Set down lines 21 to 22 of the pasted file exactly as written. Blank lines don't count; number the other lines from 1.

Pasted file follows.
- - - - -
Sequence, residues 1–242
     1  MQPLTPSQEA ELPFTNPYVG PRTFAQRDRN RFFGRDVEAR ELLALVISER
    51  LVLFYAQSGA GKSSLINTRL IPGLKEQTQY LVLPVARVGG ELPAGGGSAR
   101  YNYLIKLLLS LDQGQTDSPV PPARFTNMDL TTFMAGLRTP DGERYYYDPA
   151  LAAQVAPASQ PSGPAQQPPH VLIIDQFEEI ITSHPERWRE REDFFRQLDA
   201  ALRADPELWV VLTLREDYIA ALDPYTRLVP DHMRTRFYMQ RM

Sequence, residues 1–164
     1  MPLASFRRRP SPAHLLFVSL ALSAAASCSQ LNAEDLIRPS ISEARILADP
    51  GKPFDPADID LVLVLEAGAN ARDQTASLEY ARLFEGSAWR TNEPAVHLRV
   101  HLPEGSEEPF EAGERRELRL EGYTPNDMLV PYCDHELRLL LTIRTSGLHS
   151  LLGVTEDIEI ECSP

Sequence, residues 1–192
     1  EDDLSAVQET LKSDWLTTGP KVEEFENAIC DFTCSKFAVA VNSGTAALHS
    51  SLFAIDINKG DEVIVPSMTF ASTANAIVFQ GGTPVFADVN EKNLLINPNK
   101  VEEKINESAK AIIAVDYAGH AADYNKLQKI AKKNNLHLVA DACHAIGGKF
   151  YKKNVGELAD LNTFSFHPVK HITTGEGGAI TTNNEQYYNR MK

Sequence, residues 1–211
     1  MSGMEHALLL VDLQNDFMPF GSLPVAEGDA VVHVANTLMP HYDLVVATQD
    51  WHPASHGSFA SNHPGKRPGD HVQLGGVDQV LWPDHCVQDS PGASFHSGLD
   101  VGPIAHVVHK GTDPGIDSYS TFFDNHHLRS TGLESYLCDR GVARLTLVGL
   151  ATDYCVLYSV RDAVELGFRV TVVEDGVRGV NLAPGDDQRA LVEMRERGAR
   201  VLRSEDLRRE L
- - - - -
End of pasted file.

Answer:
   151  ATDYCVLYSV RDAVELGFRV TVVEDGVRGV NLAPGDDQRA LVEMRERGAR
   201  VLRSEDLRRE L